“Brands need integration across channels so that consumers have a seamless, consistent experience across the brand,” Vetter said.
In the fashion industry, the issues are intensified due to rapidly changing inventory, short seasons and abundant amounts of new and existing SKUs.
“Each factor makes data more complex to manage,” Vetter said. “The speed of change is increasing, so it is imperative to maintain correct product information — especially as business models evolve.”
These issues are prompting companies to re-evaluate their operating platforms to ensure they can facilitate data access and maintain one version of the truth — two factors that can simplify business and deliver the flexibility needed to adapt to new market changes. At the core of this endeavor is an ERP solution — an integrated set of business applications that can be used to store and manage data across the enterprise.
ERP platforms gained popularity at the turn of the century when some companies considered them to be a solution for the widely anticipated (and ultimately over-hyped) Y2K bug, as well as the introduction of the Euro — two business issues that rigid legacy systems were not designed to support.
These early versions mainly focused on back-end operations; it took almost another decade for next-generation systems to address customer-facing and transaction processing functions. Retail’s evolving omni-channel business model is changing the game once again, and requiring even more flexibility from current companies.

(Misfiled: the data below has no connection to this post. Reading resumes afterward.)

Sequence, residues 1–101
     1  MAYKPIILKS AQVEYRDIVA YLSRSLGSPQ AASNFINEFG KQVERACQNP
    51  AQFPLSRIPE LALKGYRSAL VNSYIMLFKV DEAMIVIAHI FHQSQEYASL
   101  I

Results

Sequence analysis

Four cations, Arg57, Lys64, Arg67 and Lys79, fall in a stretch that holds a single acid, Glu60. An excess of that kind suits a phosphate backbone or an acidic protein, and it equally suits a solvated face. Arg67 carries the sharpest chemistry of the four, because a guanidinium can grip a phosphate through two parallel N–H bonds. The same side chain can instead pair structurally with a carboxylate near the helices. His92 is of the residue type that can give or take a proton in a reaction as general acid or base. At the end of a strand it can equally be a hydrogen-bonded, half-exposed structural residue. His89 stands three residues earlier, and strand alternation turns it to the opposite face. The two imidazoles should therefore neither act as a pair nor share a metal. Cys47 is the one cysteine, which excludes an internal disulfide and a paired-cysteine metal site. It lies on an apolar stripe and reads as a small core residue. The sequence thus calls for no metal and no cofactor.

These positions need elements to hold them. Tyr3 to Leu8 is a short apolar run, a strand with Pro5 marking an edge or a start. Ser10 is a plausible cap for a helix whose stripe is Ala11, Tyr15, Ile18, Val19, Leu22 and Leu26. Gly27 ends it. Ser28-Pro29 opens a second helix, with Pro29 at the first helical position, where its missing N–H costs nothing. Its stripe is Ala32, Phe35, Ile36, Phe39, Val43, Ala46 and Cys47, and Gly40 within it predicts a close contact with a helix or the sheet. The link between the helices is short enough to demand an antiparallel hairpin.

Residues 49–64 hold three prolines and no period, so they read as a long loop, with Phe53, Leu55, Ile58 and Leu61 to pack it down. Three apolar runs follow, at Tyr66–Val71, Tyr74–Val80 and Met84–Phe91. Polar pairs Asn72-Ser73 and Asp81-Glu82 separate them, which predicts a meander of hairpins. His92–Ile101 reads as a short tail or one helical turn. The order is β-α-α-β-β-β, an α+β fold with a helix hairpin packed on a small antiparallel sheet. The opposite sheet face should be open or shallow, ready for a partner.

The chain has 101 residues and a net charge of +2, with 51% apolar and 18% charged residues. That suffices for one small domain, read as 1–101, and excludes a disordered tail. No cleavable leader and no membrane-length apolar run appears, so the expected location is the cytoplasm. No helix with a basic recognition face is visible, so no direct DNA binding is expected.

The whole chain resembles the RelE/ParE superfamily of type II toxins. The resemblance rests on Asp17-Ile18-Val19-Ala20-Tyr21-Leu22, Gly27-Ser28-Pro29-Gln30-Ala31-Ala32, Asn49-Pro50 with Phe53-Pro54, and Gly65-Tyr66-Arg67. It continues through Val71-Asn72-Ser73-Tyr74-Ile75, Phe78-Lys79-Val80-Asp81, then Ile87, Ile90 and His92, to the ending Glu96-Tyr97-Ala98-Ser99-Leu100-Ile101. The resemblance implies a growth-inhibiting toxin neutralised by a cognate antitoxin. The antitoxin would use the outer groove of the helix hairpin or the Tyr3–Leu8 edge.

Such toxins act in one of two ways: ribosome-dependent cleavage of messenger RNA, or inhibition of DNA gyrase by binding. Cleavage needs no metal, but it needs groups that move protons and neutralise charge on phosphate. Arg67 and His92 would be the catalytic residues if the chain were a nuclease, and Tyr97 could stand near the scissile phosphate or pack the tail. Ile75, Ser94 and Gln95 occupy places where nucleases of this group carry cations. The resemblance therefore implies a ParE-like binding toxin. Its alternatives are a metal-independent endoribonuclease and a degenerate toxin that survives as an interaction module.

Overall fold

“ERP is a solid backbone that takes complexity out of systems,” Tjalma said. Using a common data set “provides a single version of the truth for the whole business.”
A reliable and flexible ERP solution is also the foundation needed to support growth. “Companies need global inventory, allocation and marketing processes … that span across the enterprise,” said Vetter. “A solid platform also helps companies treat business models as they evolve.”
A variety of fashion brands are collaborating with SAP on development of a platform that will allow fashion companies to merge wholesale, manufacturing and retail data into one all-encompassing business suite.
This next-generation ERP platform will enable brands to manage big data and support an omni-channel experience. Ideally, the solution is expected to deliver a unified view of product information. By integrating its HANA analytics solution, SAP’s platform will enable users to process these volumes of information and use analysis to understand product demand, availability, movement and fulfillment of merchandise enterprise-wide.